Once arriving in Hanoi, Vietnam, we shacked up in a hotel and used our social media sites to find an apartment and a motorbike in only three days. I delved into exploring the city and taking yoga classes during the week and spent the weekends visiting famous landmarks like Ha Long Bay and the villages of Sapa. In theory sounding fantastic, I actually struggled with having too much free time, no job and endless opportunities to do anything I wanted.

After a month of getting used to a life that didn’t involve working and paying bills, we took a train journey through the length of Vietnam until we arrived in Saigon, Vietnam’s most popular southern city. I broke my record by finding an apartment and motorbike in only one day and we moved into a studio apartment, much nicer than the last. With five weeks ahead of us in Saigon, it started to really get to me that I had nothing to do. We joined a gym, eventually I started writing and I even found a teaching job at a new English school for a couple hours a week. Some friends from China came to visit during our last week there, and after finally enjoying the city a little bit, we left our Saigon life for a few weeks of travel.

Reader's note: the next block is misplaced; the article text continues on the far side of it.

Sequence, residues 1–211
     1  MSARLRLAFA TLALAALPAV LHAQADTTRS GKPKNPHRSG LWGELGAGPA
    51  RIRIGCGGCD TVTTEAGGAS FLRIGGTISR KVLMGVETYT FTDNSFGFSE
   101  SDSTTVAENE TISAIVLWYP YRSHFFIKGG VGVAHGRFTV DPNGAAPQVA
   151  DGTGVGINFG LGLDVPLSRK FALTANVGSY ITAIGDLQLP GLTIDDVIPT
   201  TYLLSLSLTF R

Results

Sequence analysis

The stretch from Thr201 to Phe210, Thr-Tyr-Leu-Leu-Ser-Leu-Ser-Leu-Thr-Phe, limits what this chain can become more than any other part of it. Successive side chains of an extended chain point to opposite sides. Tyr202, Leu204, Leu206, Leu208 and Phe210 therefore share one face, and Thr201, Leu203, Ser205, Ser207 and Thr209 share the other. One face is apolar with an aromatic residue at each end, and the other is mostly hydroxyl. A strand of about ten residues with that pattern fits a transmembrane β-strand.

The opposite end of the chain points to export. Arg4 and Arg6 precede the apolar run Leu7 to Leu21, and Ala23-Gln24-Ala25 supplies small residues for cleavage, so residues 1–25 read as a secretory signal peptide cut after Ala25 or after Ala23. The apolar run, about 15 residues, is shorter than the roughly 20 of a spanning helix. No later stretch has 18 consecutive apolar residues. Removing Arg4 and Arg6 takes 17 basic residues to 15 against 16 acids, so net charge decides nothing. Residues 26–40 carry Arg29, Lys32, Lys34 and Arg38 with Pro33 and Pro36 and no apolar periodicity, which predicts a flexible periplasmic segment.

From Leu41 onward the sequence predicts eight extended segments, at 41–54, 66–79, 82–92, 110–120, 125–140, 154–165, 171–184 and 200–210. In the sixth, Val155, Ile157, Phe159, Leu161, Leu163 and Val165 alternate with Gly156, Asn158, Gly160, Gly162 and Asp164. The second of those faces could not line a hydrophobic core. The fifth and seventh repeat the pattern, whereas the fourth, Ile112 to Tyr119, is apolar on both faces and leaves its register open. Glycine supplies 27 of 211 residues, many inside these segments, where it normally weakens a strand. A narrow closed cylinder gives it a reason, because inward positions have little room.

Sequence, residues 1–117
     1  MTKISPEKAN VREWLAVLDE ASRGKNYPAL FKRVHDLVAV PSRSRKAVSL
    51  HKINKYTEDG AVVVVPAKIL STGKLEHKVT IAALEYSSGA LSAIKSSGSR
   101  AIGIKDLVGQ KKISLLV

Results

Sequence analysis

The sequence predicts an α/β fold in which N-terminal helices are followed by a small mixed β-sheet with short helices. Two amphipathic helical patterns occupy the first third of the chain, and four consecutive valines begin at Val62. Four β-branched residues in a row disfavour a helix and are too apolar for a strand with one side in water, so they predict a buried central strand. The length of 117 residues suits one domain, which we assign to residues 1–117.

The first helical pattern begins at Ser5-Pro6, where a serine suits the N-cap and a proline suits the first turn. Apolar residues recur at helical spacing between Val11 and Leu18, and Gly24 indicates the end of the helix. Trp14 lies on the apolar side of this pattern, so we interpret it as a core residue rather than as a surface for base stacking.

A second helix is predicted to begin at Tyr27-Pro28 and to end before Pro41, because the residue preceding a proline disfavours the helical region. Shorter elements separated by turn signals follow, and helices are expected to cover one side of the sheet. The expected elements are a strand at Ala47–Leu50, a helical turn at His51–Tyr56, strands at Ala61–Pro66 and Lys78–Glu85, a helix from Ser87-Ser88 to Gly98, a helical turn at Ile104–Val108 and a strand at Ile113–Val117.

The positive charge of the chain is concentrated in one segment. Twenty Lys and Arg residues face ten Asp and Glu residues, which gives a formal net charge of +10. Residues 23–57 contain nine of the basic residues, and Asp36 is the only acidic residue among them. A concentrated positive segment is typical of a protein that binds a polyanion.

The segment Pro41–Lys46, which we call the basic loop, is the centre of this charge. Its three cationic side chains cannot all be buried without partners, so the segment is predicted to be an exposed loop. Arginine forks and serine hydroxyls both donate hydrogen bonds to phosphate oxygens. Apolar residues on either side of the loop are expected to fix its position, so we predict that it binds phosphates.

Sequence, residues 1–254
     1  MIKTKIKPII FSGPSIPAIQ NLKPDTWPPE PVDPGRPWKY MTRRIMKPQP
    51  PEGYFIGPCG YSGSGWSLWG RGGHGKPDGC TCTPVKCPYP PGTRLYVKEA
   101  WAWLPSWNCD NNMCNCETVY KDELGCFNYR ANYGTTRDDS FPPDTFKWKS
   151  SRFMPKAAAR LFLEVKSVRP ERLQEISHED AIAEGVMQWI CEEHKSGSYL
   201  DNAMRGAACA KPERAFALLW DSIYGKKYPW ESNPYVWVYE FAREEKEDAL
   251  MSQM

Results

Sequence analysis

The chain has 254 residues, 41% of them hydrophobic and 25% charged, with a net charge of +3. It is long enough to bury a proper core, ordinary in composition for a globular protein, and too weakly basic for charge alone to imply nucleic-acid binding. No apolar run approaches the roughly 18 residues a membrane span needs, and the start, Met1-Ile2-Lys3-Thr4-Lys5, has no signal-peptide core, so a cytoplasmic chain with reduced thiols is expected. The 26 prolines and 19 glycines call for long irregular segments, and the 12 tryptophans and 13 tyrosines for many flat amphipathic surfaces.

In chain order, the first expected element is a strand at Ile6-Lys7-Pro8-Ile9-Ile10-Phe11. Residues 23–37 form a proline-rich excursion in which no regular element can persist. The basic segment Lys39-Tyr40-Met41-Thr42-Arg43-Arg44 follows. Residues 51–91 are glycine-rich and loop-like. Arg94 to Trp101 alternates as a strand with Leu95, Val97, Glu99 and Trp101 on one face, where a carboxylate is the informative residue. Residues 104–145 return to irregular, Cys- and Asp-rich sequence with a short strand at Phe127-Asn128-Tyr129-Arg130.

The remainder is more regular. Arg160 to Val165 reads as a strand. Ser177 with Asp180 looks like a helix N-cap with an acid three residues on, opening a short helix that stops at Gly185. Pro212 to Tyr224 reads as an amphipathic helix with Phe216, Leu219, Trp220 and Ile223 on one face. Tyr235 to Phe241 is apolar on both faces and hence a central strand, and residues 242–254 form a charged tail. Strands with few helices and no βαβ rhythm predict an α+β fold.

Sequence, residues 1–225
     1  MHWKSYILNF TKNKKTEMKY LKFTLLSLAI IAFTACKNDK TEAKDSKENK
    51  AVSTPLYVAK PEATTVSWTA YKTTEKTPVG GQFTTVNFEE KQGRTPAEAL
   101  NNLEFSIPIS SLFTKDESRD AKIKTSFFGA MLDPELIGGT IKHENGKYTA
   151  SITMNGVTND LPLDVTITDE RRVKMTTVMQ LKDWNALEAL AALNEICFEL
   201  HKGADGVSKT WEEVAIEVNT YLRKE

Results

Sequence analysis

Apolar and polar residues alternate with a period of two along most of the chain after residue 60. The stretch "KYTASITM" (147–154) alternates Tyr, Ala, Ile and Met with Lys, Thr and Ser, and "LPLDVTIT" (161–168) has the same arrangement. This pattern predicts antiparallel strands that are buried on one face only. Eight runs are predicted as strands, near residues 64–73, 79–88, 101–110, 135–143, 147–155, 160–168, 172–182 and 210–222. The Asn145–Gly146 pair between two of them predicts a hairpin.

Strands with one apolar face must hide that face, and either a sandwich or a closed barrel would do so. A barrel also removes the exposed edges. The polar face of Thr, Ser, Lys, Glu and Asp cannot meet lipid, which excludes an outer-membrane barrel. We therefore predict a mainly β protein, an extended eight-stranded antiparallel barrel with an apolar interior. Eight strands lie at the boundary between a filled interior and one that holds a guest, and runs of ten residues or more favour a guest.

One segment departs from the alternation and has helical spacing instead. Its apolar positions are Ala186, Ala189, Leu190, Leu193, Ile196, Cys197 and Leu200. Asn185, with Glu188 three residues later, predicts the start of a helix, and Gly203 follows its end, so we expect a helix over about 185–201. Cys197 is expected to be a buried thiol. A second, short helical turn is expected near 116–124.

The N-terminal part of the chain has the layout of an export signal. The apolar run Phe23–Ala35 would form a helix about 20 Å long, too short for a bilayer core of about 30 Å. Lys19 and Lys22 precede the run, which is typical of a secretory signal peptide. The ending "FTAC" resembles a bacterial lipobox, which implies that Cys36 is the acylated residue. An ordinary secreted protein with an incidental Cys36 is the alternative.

Our vacation started on the Vietnamese island of Phu Quoc and continued in the historical and laid back city of Phnom Penh and Siem Reap Cambodia. After a bout of bus sickness, strange anti-malarial pill dreams and bicycling around the gorgeous temples of Angkor, we flew into our next destination, Chiang Mai, Thailand.

Surprisingly, we have stayed fairly consistent with our travel plan which originated back to our time spent living long-distance. After months of little to no paid work for me, we had decided that Thailand would be the place that we settled down to replenish funds. We had heard that Chiang Mai was the place where entrepreneurs, digital nomads and the inspired and motivated individuals lurked, so it was here that we decided to settle. During two weeks cooped up in a hotel room, I went around to the markets finding bargains on teacher attire and visited local print shops to make official copies of my resume. I spent days walking around, dropping off my information at schools, going on interviews and performing demonstration classes for potential employers. We were starting to grow crazy in the hotel, so after having a promising interview, we took the chance and found an apartment without knowing whether or not I had secured a job.